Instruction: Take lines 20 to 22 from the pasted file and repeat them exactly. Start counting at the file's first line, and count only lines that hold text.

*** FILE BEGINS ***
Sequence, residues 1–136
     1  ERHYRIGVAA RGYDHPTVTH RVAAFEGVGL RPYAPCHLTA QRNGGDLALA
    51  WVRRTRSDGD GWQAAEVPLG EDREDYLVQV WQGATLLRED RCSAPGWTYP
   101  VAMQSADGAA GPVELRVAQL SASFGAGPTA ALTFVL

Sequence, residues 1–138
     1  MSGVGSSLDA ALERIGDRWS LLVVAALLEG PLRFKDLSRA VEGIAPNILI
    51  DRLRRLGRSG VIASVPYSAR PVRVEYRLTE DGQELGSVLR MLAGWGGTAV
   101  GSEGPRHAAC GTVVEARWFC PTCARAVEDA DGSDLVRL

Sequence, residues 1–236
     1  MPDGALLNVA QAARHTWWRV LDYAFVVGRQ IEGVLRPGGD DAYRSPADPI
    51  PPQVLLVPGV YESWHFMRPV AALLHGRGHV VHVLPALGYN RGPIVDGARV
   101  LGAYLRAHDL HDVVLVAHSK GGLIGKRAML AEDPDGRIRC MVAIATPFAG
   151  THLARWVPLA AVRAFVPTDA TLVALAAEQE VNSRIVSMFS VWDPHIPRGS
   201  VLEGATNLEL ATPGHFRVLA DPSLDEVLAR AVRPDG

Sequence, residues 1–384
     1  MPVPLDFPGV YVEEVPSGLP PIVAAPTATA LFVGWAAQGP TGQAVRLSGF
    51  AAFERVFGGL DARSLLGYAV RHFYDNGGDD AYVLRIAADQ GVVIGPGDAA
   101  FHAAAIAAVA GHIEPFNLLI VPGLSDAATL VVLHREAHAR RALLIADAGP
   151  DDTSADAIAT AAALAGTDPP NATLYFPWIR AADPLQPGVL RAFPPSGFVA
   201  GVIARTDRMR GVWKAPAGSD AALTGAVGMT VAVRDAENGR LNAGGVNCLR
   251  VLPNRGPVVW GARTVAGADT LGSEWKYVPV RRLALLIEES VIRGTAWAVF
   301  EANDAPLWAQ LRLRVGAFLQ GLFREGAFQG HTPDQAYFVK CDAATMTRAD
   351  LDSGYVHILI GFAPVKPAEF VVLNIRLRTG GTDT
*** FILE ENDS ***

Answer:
   201  GVIARTDRMR GVWKAPAGSD AALTGAVGMT VAVRDAENGR LNAGGVNCLR
   251  VLPNRGPVVW GARTVAGADT LGSEWKYVPV RRLALLIEES VIRGTAWAVF
   301  EANDAPLWAQ LRLRVGAFLQ GLFREGAFQG HTPDQAYFVK CDAATMTRAD